Tuesday, October 13, 2009

Heartland 100 2009

I've talked about the "Finish Line" experience in an ultra before...but here we go again - this was the finish line just after Terry and I completed 100 miles. There's the man with the clipboard!
Here we are, all bundled up, giving it all we got left coming up to the finish line. The first 1/2 mile is on this highway and then the next 99 are on dirt/gravel roads and then the last 1/2 mile is on the same highway.
When the sun rises the second day, you start to feel better and it causes you to start picking up the pace all the way to the end!
I think this was at mile 75 at Teterville aid-station. About 1:00 am. All bundled up like eskimo runners!
This is mile 18 at the Lapland aid-station. Still feeling strong at this point and running in shorts!

This past weekend was the annual Heartland 100 mile run through the Flint Hills of Kansas. The warmest and most comfortable part of the day came at 6:00 am at the start on Saturday. It was cold, around 30 degrees I believe, but with minimal wind. I was over-dressed and shed my wind-breaker layer within a couple miles. When the sun came out for a brief time around 7:30 am and started to warm things up, we could see an ominous looking cloud formation rolling in from the north. Then the wind picked up suddenly, the howling, cold, blustery northerly winds that blew for the rest of the day (never to see the sun again through the clouds) and night...and the next day.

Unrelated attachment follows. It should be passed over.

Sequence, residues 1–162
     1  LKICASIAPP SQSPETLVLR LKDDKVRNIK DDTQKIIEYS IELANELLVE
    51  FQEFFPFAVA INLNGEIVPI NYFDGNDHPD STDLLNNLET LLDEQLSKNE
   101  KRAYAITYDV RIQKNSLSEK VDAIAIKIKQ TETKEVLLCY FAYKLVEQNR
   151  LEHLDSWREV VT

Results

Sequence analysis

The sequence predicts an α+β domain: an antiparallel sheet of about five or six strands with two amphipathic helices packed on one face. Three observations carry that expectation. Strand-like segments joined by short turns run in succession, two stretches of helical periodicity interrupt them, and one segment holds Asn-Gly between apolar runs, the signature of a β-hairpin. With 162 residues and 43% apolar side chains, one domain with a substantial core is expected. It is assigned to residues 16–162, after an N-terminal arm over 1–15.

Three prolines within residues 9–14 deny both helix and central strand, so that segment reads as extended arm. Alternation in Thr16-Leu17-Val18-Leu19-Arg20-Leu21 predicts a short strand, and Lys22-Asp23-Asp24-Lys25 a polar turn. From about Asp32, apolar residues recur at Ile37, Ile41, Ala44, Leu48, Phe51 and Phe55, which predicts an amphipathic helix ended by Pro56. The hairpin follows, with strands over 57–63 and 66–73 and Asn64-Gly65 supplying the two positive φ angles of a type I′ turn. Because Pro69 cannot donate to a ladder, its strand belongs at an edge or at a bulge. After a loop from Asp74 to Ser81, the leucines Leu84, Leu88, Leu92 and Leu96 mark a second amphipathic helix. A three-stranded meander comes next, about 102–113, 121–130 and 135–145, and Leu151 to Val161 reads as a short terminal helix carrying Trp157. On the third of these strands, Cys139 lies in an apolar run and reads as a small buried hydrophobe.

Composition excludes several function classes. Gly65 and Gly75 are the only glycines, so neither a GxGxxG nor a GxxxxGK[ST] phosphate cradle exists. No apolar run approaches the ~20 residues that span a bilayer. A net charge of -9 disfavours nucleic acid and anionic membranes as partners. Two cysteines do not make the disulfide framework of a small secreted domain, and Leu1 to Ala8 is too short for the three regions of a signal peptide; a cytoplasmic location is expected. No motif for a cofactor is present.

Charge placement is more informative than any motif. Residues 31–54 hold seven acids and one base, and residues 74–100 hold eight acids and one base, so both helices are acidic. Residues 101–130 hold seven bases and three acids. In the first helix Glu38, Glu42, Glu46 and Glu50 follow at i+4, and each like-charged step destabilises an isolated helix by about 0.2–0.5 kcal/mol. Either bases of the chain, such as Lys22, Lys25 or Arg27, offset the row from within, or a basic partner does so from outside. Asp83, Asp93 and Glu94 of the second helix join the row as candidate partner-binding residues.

The first half, other than being cold was uneventful. The hospitality and care at the aid stations was as phenomonal as ever! At every aid station I ate soup and cookies at least. Had to keep the calories up this event because of the cold. We came in to Lone Tree, the 50 mile mark at 11:13 elapsed time, or about 5:13 pm, which I think is one of my best 50 miles times ever. I ate at least two good cups full of noodles with alfredo sauce there, and we set out running again. At this point I met a few other runners and joined along side them for several miles. I enjoyed the company of Kevin from the KC area. He was running very strong but I heard he had to drop at Teterville on the way back in. Terry Rider and I pretty much stayed side by side from start to finish on this race. We returned to Matfield Green, around 57 miles in exactly 13 hours, so I was really thinking around a 24 hour finish was possible. Then it got dark and I got sleepy. Oh, I forgot to mention I had a case of night-before-the-race insomnia on Friday night and, no matter what I tried, I absolutely could not fall asleep and ended up sleeping from 2:00 am - 3:30 am on Saturday morning, then had to get up to drive to race start. Not only was I tired all day Saturday, but when the nightfall set in I knew it was going to be a long night. Between 9 and 10 pm was one of the hardest stretches to stay awake. I kept dozing off while running down the road! I can't explain it other than when the chin hit the chest and bounced back up - I knew I had fallen asleep and then I would shake my head a bit and nothing was working. The road from Matfield Green back to Ridgeline seemed to have grown much longer with a few more hills but we finally made it there and had some of Dave Dinkel's Prarie Power Pellets (a great bean soup) even though I was feeling a bit nauseated at this point. Then we set out to Texaco Hill and suprisingly made it there feeling okay and the stretch from there to Teterville seemed to go by quickly, because the wind was at our backs. By this point, I had my UnderArmour tights on under my shorts and dry clothes, 3 layers on top, 2 pairs of gloves and 2 beanies to stay warm. The wind chills were in the 20s all days. The odd thing is that I haven't hardly even run in a long-sleeve yet this fall because of the mild temps up until this wild, record-breaking cold weekend! It went from summer clothing gear to extreme winter gear in one week!